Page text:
- Be aware of local distributions of stonefish (some areas are more heavily affected than others).
- Wearing footwear in the water.
- Entering the water slowly with a shuffling gait: this gives the fish plenty of time to move away from you and reduces the risk of stepping directly onto one.
- Disturb the water ahead of you e.g., with a stick: again, this gives the fish plenty of warning.
Image sourced from Encyclopedia Britannica
Blue-ringed Octopus : a small but significant contributor of marine life injuries
Small, cute, deadly. Blue-ringed octopus are found in the Pacific and Indian Oceans and, as their name suggests, have beautiful iridescent colouring which makes them irresistible to the unwary, curious human. They are typically less than 20cm in size and will try to retreat if they feel threatened. If retreat doesn’t work, then they employ their powerful toxin, tetrodotoxin, leading to severe marine life injuries.
Tetrodotoxin is neurotoxic and targets sodium channels. Envenomation is painless and symptoms develop in minutes, starting as nausea and progressing to whole-body paralysis including the diaphragm. Thus, death is secondary to a respiratory arrest. There is no antivenom or cure for tetrodotoxin, therefore respiratory function must be artificially supported until the venom clears the system.  
Preventative measures include:
- Don’t touch cute, bright, innocuous looking creatures!
- Be careful around rock pools or reefs, where they may be harder to distinguish.
- Keep your distance: Blue-ringed octopus are shy and prefer to retreat. Give them that option.
Image sourced from The Natural History Museum
Marine life injuries : Take home messages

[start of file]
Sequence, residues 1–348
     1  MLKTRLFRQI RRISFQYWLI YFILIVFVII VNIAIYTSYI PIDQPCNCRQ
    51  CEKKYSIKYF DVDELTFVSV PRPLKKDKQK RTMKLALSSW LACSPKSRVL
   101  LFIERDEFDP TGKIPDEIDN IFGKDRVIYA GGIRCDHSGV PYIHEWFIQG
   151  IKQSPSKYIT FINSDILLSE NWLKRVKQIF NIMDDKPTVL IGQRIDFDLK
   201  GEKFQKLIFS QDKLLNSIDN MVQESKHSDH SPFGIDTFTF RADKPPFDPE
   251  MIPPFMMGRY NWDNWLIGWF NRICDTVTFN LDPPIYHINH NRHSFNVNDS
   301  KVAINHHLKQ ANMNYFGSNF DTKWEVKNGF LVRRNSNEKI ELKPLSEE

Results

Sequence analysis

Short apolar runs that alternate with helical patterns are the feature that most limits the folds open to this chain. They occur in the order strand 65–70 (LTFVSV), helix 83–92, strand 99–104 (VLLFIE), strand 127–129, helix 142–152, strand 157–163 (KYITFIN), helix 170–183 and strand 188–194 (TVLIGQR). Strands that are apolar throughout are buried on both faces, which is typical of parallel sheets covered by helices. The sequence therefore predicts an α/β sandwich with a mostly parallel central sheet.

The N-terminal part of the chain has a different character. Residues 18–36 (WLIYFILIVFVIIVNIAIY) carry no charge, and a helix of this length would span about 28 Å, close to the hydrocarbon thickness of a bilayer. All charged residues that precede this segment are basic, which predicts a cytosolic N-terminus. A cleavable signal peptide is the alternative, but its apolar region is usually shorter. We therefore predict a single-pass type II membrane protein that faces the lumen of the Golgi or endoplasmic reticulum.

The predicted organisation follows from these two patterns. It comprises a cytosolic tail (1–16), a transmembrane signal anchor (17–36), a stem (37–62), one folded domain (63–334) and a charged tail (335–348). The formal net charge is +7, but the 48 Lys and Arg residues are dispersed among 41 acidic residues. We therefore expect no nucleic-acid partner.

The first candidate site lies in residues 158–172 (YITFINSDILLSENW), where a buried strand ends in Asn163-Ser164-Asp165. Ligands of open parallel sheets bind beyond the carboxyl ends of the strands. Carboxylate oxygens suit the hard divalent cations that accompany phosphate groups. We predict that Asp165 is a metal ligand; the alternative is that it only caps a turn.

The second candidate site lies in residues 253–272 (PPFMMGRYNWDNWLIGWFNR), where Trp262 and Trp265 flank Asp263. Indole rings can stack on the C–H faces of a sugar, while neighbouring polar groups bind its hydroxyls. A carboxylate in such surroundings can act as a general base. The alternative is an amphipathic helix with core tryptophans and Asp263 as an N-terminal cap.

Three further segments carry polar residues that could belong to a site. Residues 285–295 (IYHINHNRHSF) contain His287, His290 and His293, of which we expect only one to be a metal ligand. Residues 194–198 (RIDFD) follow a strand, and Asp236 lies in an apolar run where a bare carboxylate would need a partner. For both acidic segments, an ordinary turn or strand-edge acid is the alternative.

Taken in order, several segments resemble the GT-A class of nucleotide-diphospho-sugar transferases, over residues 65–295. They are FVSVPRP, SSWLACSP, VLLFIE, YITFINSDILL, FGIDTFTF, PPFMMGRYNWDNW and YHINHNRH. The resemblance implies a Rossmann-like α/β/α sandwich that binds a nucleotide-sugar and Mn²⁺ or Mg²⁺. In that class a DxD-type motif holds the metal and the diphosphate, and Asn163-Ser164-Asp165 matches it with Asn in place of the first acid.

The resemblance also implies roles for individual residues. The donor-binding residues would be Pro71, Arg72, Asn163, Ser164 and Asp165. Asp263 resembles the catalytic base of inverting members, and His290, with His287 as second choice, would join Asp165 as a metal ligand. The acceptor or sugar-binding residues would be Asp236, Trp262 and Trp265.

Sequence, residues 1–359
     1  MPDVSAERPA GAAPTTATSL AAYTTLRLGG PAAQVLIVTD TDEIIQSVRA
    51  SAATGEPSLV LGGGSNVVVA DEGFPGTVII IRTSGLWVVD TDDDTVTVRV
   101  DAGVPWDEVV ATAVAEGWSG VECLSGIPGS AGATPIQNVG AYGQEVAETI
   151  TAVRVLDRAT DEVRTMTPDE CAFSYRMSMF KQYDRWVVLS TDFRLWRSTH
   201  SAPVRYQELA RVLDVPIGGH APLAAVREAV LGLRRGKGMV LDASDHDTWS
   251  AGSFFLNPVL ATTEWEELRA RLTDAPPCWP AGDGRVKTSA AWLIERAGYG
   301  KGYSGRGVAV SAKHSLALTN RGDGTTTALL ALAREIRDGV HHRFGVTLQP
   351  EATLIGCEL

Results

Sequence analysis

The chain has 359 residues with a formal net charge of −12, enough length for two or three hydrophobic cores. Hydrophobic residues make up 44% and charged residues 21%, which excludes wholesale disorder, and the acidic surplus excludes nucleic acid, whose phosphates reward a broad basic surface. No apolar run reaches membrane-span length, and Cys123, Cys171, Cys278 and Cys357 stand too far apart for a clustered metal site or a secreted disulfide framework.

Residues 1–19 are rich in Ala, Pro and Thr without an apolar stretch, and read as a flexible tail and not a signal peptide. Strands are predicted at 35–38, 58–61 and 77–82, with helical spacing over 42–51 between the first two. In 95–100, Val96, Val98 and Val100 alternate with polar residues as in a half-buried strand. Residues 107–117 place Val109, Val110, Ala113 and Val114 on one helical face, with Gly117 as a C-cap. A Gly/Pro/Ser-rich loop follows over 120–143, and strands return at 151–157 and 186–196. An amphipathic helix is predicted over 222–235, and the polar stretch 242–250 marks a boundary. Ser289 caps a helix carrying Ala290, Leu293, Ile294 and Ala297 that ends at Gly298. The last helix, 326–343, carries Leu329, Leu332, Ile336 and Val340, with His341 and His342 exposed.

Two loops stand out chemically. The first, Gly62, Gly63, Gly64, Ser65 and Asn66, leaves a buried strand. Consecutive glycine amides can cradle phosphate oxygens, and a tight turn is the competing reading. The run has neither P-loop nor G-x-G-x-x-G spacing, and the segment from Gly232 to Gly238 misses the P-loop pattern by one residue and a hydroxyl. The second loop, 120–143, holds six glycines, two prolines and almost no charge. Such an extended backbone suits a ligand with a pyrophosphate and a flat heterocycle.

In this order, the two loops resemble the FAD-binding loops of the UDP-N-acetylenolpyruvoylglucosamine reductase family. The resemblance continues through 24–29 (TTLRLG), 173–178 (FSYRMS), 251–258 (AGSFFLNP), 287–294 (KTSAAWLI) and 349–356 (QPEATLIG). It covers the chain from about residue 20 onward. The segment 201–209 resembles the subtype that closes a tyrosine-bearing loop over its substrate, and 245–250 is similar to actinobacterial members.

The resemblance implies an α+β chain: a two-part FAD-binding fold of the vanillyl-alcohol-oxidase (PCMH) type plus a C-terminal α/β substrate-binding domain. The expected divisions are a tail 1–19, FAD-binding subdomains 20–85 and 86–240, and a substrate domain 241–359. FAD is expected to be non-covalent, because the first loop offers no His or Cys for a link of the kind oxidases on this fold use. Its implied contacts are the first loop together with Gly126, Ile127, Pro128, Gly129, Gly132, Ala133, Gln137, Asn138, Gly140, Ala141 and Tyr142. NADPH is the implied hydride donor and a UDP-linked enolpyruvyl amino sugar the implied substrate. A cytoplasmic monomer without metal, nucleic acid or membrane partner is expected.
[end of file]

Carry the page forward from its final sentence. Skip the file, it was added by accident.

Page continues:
- There are many species of marine life dangerous to humans. The nature and severity of the danger varies greatly, and it is important to research the dangerous animals which may inhabit your area of work prior to being confronted by a patient suffering from their ministrations.
- Prevention, as always, is better than cure. Once you have identified the potentially hazardous marine life in your area of work, consider how you may be able to minimise that risk. There are likely to be both systemic and individual factors which contribute to this.
- A lot of conditions require secondary care, but often for different reasons. Consider your evacuation plans in the event of different issues arising whilst in the field.
. WoRMS Editorial Board (2023). World Register of Marine Species. Available from https://www.marinespecies.org at VLIZ. Accessed 2023-04-11. doi:10.14284/170
. Naylor, G. International Shark Attack File: Yearly Worldwide Shark Attack Summary. [Online]. Available from: https://www.floridamuseum.ufl.edu/shark-attacks/yearly-worldwide-summary/ [Accessed 11 April 2023].
. International shark attack files. Advice to Swimmers. [Online]. Available from: https://www.floridamuseum.ufl.edu/shark-attacks/reduce-risk/swimmers/ [Accessed 11 April 2023]
. Caldicott, D.G.E, Crozer, D, Manolis, C, Webb, G, Britton, A. Crocodile Attack in Australia: An Analysis of Its Incidence and Review of the Pathology and Management of Crocodilian Attacks in General. Wilderness and Environmental Medicine. 2005;16(3): 143-159
. Gopalakrishnakone, P. Sea Snake Toxinology. : NUS Press; 1994
. Warrell, D. Oxford Handbook of Expedition and Wilderness Medicine. (2nd ed.). Oxford: Oxford Medical Handbooks; 2015.2018), https://doi.org/10.1093/med/9780199688418.003.0017
. Isbister GK. Snake bite: a current approach to management. Aust Prescr 2006;29:125-9.https://doi.org/10.18773/austprescr.2006.078
. Stein, M.R. Fatal portuguese man-o’-war (Physalia physalis) envenomation. Annals of Emergency Medicine. 1989;18(3): 312-315
. Australian resuscitation council. Envenomation – Jellyfish Stings. [Online]. Available from: https://www.revive2survive.com.au/wp-content/uploads/2016/09/guideline-9-4-5july10.pdf [Accessed 11 April 2023]
. Wilcox , C.L, Headlam, J, Doyle, T.K. Assessing the Efficacy of First-Aid Measures in Physalia sp Envenomation, Using Solution- and Blood Agarose-Based Models. Toxins. 2017;9(5)
. Adventure medic. Stonefish Envenomation. [Online]. Available from: https://web.archive.org/web/20120228222240/http:/www.adventuremedicine.net/envenom/marine/94-stonefish [Accessed 11 April 2023]
. Divers alert network. Envenomation. [Online]. Available from: https://dan.org/health-medicine/health-resource/dive-medical-reference-books/hazardous-marine-life/envenomations/#octopus [Accessed 11 April 2023]